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"Allegedly" is a crutch

Late last night, at that time when the editor’s eyes ache from hours of staring at low-grade prose and the traitorous thought flickers across the mind that the game might not be worth the candle, @trudishaffer tweeted, “Sigh. I think I'm fighting a losing battle against ‘allegedly.’”

I immediately urged her to stand firm, and a number of stalwarts have chimed in. If the young ones give up the struggle, we’re all doomed.*

Even the obsessive-compulsive’s Holy Book, the Associated Press Stylebook, advises against over-reliance on alleged and allegedly. You can tell from its strictures what kind of nonsense writers are prone to engage in: “Do not use alleged to describe an event that is known to have occurred. ...”

There appears to be a prevalent misunderstanding that sprinkling copy with allegedly, as one grates Parmesan over pasta, protects against libel. But a more reliable protection against libel is simply to be clear and specific about who is making the allegation: “according to charging documents,” “a police spokesman said,” “the indictment charges that,” “a witness told police,” “in testimony at trial,” or the like.

You should only resort to alleged when it is not established as fact that the action or crime took place. There may or may not have been a bribe or a sexual assault. But even there you will want to be careful; if you write about an alleged rape, you risk appearing skeptical rather than neutral.

Throw away the crutch and walk on your own feet.


*I myself continue to reach for the cuffs over suspects in crime stories. You know, “The suspects fled the scene after the shooting.” No, you only have suspects when the authorities identify someone they are looking for. Until then, you might have gunmen, or shooters, or even, God help up, perpetrators, but they aren’t yet suspects. Should I say alleged suspects?



Posted by John McIntyre at 12:33 PM | | Comments (6)


The "alleged suspects"--please, don't.

The one that gets me is the us of "literally" when people mean figuratively. As in, "It's so hot today, I was literally drinking tank loads of Gatorade™" No, really, you weren't.

I was so nervous, I was figuratively sweating bullets.

Sounds weird, doesn't it? Let's just be the figure of speech.

Well, you could just say, "I was so nervous I was sweating bullets."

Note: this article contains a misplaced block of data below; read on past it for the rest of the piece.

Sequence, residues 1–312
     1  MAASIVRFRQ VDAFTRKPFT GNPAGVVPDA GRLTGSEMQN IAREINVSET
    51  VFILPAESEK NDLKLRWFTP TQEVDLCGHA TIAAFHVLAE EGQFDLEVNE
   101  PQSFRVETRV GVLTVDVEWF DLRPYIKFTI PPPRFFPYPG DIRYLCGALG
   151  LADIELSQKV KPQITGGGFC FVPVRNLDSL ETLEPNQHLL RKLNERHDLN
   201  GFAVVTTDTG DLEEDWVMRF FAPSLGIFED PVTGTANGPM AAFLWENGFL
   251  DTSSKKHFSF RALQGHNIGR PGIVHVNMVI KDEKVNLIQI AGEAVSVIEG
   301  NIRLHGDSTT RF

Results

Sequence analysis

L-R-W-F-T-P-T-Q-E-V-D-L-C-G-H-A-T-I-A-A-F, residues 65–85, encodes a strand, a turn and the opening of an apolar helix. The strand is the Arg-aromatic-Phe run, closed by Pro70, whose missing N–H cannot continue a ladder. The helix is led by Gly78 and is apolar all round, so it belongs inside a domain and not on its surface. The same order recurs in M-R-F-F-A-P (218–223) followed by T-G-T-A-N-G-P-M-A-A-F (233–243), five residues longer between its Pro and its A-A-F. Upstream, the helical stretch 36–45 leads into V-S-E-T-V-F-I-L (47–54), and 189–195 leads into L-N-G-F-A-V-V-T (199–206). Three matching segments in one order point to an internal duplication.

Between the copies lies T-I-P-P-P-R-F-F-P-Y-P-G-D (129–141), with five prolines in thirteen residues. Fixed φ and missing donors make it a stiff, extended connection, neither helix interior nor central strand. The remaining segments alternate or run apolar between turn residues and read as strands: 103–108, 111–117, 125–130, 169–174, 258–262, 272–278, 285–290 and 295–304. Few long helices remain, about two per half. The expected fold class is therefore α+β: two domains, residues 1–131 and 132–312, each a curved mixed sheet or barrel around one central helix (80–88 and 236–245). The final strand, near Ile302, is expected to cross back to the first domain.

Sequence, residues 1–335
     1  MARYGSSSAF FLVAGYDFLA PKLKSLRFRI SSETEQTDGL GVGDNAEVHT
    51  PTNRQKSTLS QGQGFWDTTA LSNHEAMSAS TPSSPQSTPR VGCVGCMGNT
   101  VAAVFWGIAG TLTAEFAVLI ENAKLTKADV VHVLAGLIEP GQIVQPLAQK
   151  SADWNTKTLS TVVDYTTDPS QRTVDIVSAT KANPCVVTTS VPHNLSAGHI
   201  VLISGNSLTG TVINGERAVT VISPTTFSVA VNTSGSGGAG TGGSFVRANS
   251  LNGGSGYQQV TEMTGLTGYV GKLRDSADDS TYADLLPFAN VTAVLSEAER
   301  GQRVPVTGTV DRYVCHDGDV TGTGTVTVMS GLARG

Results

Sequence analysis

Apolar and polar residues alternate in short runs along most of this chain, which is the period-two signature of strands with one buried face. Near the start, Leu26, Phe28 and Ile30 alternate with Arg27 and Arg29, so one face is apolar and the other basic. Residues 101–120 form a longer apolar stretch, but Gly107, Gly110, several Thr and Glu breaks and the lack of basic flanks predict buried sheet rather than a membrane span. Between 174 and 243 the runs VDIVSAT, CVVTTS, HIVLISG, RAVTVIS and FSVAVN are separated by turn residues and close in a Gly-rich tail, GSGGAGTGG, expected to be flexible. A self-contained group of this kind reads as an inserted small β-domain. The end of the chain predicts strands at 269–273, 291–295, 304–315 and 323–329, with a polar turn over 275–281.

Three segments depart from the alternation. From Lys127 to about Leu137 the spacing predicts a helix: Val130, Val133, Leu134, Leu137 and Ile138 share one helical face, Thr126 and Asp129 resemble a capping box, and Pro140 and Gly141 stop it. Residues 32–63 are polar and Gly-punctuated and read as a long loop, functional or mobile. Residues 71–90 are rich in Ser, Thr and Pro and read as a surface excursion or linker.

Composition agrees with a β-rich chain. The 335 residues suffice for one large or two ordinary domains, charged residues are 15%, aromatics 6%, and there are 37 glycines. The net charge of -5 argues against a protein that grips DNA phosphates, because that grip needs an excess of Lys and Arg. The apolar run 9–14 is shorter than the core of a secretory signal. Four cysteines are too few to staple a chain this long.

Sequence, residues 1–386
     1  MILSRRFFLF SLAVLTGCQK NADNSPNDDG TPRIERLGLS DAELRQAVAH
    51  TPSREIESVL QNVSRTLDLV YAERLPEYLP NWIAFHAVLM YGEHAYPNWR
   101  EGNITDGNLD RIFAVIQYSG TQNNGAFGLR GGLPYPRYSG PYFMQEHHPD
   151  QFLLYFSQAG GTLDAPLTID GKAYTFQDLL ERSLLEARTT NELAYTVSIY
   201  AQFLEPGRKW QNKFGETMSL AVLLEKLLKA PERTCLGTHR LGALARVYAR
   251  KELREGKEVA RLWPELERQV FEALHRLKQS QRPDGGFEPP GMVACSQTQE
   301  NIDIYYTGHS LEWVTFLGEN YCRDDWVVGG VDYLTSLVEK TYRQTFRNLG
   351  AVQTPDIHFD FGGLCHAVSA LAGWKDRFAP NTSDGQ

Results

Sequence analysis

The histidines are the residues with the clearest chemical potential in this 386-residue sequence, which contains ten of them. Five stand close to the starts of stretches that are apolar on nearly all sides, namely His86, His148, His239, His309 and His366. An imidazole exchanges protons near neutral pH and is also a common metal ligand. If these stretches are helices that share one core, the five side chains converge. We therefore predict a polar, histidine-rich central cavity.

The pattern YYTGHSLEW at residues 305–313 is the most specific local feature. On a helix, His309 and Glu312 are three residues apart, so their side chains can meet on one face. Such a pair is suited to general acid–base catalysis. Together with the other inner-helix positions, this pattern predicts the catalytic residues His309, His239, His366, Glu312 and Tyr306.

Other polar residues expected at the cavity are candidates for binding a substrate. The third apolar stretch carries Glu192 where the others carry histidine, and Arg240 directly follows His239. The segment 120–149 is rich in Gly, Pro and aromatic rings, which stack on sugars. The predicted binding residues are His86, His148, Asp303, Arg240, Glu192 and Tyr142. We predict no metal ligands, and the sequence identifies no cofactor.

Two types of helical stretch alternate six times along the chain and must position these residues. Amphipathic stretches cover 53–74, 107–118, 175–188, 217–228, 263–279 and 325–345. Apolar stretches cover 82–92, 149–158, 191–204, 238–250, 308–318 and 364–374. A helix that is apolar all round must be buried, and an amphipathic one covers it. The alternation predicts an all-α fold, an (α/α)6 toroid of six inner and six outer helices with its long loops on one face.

If you think that the unadorned cliche can be freshened by adding an adverb, give it a try. But I don't think that literally makes it more impressive.

Because of repeated misuse, “suspect” is in the odd position of now having two, somewhat contradictory, meanings: (a) the traditional sense of a particular (identified) person who is suspected of having done something, and (b) the new sense of an unknown person who has done something. The worst case is where both meanings are used in the same article. The reporter will say the suspect did this and the suspect did that, and then ends with “But the police have no suspects.”

Yesterday's rather disturbing news report that now devious terrorist types bound and determined on blowing up in-flight commercial airliners are contemplating surgically secreting implanted plastic explosive devices within their bodies should make all future passengers of major airline sweat bullets, whilst these fanatic suicide bombers will undoubtedly be literally sweating explosive devices. Ugh!

(And we're not talking some newfangled detonated explosive suppositories, here.)

And we continue to mildly grouse about now being obliged to pay for in-flight pillows, snacks, meals, head-phones, and other former freebee onboard amenities. I say, don't sweat the little stuff, folks. The big stuff, I'm not so sure.


I allege that lazy reporters use alleged the way reporters of the lackadaisical persuasion often begin stories with "The Township Council last night..."; "I won't take this anymore!" That was the way Peter Rabbit expressed himself last night after being forced to put on a tie for the funeral."; "It was the best of times and the worst of times," and "The car collided with a tree."

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About John McIntyre
John McIntyre, mild-mannered editor for a great metropolitan newspaper, has fussed over writers’ work, to sporadic expressions of gratitude, for thirty years. He is The Sun’s night content production manager and former head of its copy desk. He also teaches editing at Loyola University Maryland. A former president of the American Copy Editors Society, a native of Kentucky, a graduate of Michigan State and Syracuse, and a moderate prescriptivist, he writes about language, journalism, and arbitrarily chosen topics. If you are inspired by a spirit of contradiction, comment on the posts or write to him at
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